Directed by: Kirby Dick
Premise: A documentary about sexual assault in the United States military.
What Works: As depicted in The Invisible War, sexual assault is rampant in the United States armed forces. Relying on statistics from the military, the picture reveals that twenty percent of female veterans are sexually assaulted while serving and over 3000 women and men reported sexual assault in 2009. Given that eighty-percent of assault survivors do not report their attacks, this is an enormous pool of victims. The Invisible War demonstrates the breadth of the problem and puts a human face on it with testimonials from members of all branches of the armed services. Dealing with sexual assault in film can be difficult because it can easily and unintentionally become exploitative. But the filmmakers of The Invisible War handle the subject well. The Invisible War was directed by Kirby Dick, a filmmaker who often addresses hot-button issues involving large institutions. In This Film is Not Yet Rated Dick criticized the ratings board of the Motion Picture Association of America, Twist of Faith addressed the Catholic Church sexual abuse scandal, and Outrage examined closeted homosexual politicians who forward anti-gay legislation. This makes Kirby Dick an effective filmmaker for this topic. The movie is unsparing in its exploration of the breadth of the sexual assault problem and its impact on the victims. Director Kirby Dick is also known for being somewhat irreverent and provocative in his filmmaking techniques but in The Invisible War the filmmaker takes a direct but sensitive approach. The subject matter and its attendant facts are difficult enough to digest without unnecessary theatricality and so the straightforward presentation of facts and testimonials from victims, former service people, and experts is effective and makes the issue palatable. But beyond recounting individual horror stories and making the audience witness to the personal traumas, The Invisible War also examines the military’s culture of rape. This film is especially infuriating as it establishes the military’s historical pattern of widespread abuse and its lackluster response to the issue. In this regard, one of the boldest and most effective things that the filmmakers do is to address how sexual predation is sheltered and abuse is institutionalized. As wrenching as the recounts of assault are to listen to, it is the re-victimization of these people (and in some cases their families) by the institution that is most startling. It reveals a cruelty and disregard for human dignity that is unbecoming not only of our collective image of the military but of our society as a whole. That neglect goes beyond the armed forces and the filmmakers of The Invisible War demonstrate how the system of victimization impacts civilian life. This is one of the picture’s most powerful statements, as it makes clear that the topic of this film is not just about the military; it is about all of us and the culture we live in.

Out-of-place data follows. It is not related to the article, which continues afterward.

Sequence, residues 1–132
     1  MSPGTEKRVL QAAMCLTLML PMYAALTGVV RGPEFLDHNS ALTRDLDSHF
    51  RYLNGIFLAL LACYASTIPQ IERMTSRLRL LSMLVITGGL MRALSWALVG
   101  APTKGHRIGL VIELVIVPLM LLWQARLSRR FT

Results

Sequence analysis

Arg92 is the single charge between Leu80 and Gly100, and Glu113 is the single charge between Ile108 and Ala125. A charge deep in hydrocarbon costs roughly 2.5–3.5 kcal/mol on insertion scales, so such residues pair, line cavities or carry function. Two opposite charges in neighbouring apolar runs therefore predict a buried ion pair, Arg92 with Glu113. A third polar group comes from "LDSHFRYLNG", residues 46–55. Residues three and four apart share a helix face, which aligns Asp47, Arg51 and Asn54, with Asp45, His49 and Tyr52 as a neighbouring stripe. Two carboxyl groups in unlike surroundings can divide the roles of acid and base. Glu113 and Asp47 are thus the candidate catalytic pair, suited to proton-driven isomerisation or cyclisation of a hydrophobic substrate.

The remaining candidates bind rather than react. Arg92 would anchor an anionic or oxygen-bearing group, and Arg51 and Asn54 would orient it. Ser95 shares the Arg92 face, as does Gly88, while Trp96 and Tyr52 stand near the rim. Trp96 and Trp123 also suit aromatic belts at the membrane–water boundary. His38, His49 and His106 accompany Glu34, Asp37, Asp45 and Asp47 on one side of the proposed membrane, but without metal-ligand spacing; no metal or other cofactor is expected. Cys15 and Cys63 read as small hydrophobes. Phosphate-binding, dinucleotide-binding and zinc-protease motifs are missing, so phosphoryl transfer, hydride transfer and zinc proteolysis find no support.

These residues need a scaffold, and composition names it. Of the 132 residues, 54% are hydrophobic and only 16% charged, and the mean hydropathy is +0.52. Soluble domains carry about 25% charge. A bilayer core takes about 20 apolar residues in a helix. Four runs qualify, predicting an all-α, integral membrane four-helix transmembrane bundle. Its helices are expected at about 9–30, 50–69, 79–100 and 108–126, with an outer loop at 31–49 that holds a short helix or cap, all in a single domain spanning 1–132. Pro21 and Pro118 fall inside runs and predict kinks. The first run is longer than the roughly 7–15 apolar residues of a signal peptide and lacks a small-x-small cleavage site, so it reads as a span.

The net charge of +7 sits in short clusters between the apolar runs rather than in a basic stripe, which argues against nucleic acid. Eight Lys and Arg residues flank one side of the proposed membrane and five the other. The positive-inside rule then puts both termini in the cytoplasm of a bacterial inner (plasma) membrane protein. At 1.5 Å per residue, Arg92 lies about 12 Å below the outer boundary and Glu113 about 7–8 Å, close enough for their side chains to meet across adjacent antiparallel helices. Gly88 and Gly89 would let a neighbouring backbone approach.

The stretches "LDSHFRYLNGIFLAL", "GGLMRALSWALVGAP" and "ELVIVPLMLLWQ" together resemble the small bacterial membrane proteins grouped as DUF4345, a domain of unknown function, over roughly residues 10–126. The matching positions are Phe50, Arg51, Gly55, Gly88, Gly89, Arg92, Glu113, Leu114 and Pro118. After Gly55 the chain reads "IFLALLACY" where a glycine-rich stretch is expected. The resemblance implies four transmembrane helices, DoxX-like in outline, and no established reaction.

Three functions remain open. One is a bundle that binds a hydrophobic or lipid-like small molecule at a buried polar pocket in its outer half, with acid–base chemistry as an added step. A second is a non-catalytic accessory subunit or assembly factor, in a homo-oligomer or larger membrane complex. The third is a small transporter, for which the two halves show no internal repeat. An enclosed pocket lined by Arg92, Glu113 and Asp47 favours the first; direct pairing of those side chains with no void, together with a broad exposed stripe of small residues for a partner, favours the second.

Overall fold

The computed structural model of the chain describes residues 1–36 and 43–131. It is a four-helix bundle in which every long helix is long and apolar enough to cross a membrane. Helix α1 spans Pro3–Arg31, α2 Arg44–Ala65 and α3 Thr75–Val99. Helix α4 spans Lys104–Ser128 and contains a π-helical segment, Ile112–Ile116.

What Doesn’t: Watching The Invisible War is a grim experience and reactionary viewers may be tempted to dismiss the film as anti-military agitprop. While the film does not portray the military in a positive light, what this film has to say is important and deserves fair consideration and a robust public debate. American culture is such that we revere the armed forces, at least superficially, to such an extent that any criticism of the military is often hastily attacked or ignored. What The Invisible War asks the audience to do is get past the deified public image of the military to see its human and institutional failings. This is the filmmaker’s most important and subversive act but it risks falling on deaf ears in the current political climate.
DVD extras: Commentary track, extended interviews, and featurettes.
Bottom Line: The Invisible War is a heartbreaking film but it is also extremely important. This is a movie that deserves to be seen by both military and civilian audiences as it raises fundamental questions about who we are as a country.
Episode: #417 (December 2, 2012)